• Treatment currently, there are no effective methods to screen individuals at-risk for early pancreatic cancer; several studies are underway to examine the effectiveness of endoscopic ultrasound (EUS) in the early detection of pancreatic cancer
    Prognosis prognosis will depend on the stage of the disease at diagnosis more than it does on hereditary sysceptibility

    Genes involved and Proteins

    Gene NameBRCA2 (breast cancer 2, early onset)
    Location 13q13.1
    DNA/RNA
    Description gene spanning more than 70kb of genomic DNA; the coding sequence comprises 27 exons (11 395 nucleotides)
    Protein
    Description the corresponding protein has 3 418 amino acid residues (384 kDa)
    Function the Brca2 protein binds to Rad51 and serves as an important co-factor in the Rad51 -dependent DNA repair of double strand breaks; the Brca2 protein may also have transcription activation potential
    Mutations
    Germinal more than 300 unique germ-line mutations have been reported; the 6174 delT mutation is particularly common in Jewish subjects
    Somatic acquired mutations in BRCA2 rare in pancreatic cancer

    Gene NameCDKN2A (cyclin dependent kinase 2a / p16)
    Alias MTS1, CDKN2A, p16 (INK4)
    Location 9p21.3
    DNA/RNA
    Description the coding sequence comprises 3 exons: this locus gives rise to 2 distinct transcripts from different promoters (p16 and p16(ARF))
    Protein
    Description the corresponding protein, called cyclin-dependent kinase inhibitor-2A, has 156 amino acid residues
    Function cyclin-dependent kinase inhibitor 2A binds to CDK4 and inhibits the ability of CDK4 to interact with cyclinA thereby inducing a G1 cell cycle arrest
    Mutations
    Germinal germline mutations are associated with the FAMMM Syndrome
    Somatic virtually all invasive pancreatic carcinomas show inactivation of the p16 gene; forty percent by homozygous deletion, 40% by an intragenic mutation coupled with loss of heterozygocity (LOH) and 15% by hypermethylation of the p16 promoter

    Gene NameSTK11 (serine/threonine kinase 11)
    Alias LKB1
    Location 19p13.3
    DNA/RNA
    Description gene Spanning 23kb of genomic DNA, the coding sequence comprises 9 exons (1446bp)
    Protein
    Description the corresponding protein has 433 amino acid residues
    Function serine throeonine protein kinase 11
    Mutations
    Germinal almost all germline mutations are predicted to disrupt the function of the kinase domain
    Somatic approximately 4% of sporadic pancreatic cancers have somatic inactivation of STK11

    Gene NamePRSS1 (protease, serine 1)
    Alias cationic trypsinogen, trypsin 1, trypsinogen 1
    Location 7q34
    DNA/RNA
    Description the coding sequence comprise 5 exons (800bp)
    Protein
    Description trypsin, which is active in the pacreas, in inactivated by cleavage; mutations which abrogate this cleavage site can result in autodigestion and pancreatitis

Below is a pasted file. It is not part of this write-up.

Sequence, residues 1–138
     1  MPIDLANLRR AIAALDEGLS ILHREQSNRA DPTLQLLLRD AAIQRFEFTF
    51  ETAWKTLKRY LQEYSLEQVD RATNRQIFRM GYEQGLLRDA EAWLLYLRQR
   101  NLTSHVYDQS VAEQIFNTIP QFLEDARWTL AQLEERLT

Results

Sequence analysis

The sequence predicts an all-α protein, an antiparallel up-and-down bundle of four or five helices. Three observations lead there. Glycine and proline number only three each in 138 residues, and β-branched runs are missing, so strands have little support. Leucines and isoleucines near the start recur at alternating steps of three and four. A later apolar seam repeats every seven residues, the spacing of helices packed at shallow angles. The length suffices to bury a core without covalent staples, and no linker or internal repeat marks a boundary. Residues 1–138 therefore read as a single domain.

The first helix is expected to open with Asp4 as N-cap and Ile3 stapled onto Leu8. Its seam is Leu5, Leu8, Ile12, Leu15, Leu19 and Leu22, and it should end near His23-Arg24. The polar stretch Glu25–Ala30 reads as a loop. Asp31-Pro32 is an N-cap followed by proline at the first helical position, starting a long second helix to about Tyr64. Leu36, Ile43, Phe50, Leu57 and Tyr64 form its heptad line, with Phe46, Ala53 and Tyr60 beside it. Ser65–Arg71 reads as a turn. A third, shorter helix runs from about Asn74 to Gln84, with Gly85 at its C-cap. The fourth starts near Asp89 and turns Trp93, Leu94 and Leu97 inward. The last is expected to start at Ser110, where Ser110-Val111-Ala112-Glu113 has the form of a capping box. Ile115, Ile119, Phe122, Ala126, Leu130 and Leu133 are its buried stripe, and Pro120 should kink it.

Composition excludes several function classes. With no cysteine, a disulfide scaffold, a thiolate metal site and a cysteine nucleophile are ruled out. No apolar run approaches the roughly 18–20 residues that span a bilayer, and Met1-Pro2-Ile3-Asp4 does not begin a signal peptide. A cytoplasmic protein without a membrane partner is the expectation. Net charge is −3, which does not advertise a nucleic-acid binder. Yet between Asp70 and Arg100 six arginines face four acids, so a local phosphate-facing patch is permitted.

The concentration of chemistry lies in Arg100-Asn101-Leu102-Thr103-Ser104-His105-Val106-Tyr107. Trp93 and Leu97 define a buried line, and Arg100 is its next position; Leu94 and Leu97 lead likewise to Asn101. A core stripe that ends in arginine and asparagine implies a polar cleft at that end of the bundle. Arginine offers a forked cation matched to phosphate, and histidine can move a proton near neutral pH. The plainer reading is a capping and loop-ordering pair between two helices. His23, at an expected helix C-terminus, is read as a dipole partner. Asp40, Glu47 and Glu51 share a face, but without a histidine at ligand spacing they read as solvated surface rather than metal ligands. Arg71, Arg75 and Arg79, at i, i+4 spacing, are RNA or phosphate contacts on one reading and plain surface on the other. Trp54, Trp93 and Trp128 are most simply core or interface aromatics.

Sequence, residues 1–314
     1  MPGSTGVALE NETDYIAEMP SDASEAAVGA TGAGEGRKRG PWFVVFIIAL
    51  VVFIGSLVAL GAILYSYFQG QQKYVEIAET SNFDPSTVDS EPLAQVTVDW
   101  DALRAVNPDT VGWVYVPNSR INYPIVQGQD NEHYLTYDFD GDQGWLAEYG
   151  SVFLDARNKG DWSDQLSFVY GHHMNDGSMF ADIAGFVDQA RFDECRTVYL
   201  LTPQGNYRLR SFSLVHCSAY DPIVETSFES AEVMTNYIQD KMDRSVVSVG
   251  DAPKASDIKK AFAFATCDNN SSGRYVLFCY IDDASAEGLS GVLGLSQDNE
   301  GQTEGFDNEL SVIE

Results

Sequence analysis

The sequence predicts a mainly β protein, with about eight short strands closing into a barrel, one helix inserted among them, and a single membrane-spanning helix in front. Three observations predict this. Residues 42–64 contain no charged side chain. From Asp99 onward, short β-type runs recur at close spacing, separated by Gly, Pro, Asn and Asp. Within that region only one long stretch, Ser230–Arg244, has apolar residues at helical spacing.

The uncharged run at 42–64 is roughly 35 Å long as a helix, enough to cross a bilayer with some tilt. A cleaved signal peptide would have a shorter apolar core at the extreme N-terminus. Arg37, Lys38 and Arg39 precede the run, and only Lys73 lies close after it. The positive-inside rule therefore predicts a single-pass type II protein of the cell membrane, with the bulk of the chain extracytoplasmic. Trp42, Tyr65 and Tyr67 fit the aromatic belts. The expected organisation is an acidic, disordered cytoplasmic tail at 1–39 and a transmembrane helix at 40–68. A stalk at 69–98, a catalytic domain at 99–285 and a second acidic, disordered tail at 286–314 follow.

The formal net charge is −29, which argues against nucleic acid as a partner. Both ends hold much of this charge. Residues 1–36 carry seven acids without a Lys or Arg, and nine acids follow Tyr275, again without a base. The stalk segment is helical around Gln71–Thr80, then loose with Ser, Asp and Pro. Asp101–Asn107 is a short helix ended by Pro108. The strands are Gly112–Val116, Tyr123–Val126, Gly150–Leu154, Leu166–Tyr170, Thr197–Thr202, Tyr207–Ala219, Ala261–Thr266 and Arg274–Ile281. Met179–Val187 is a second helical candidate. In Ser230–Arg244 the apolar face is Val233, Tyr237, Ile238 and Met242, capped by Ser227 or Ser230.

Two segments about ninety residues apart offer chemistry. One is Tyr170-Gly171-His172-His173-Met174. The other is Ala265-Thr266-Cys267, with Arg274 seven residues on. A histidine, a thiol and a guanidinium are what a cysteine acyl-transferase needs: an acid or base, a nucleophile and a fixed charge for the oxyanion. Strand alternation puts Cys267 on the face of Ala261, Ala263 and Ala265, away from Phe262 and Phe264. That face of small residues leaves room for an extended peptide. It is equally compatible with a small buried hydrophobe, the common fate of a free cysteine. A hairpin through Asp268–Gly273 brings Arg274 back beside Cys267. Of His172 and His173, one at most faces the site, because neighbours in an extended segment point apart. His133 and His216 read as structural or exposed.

Mutations
    Germinal the arg117-to-his mutation (R117H) is the most common mutation identified to date

    Gene NameMLH1 (human mutL homolog 1)
    Alias human homolog of MUTL
    Location 3p22.2
    DNA/RNA
    Description the coding sequence comprises 2484b
    Protein
    Description MLH1 forms a complex with other DNA mismatch repair gene; functions in DNA mismatch repairs
    Mutations
    Germinal one of at least 5 known human mismatch repair genes associated with the hereditary non-polyposis colorectal cancer syndrome: the neoplasms that develop in these patients typically show microsatellite instability

    Gene NameMSH2 (human mutS homolog 2)
    Alias human homolog of MULT S
    Location 2p21
    DNA/RNA
    Description the MSH2 locus covers approximately 73kb and contains 16 exons
    Protein
    Description MSH2 functions in DNA mismatch repair
    Mutations
    Germinal one of at least 5 known human mismatch repair genes associated with the hereditary non-polyposis colorectal cancer syndrome; the neoplasms that develop in these patients typically show microsatellite instability

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    Citation

    This paper should be referenced as such :
    Hruban, RH ; Kern, SE
    Hereditary pancreatic cancer
    Atlas Genet Cytogenet Oncol Haematol. 2001;5(1):72-75.
    Free journal version : [ pdf ]   [ DOI ]
    On line version : http://AtlasGeneticsOncology.org/Tumors/HeredPancrCanID10068.html


    External links

    OMIM260350
    OMIM606856
    OMIM613347
    OMIM613348
    OrphanetFamilial pancreatic carcinoma
    MeSHC535837  
    MedGenC535837  
    UMLSC2931038  
    ICD-10C25  
    Other databaseNational Familial Pancreas Tumor Registry
    Other databaseThe European Registry Of Hereditary Pancreatitis And Familial Pancreatic Cancer
    REVIEW articlesautomatic search in PubMed
    Last year articlesautomatic search in PubMed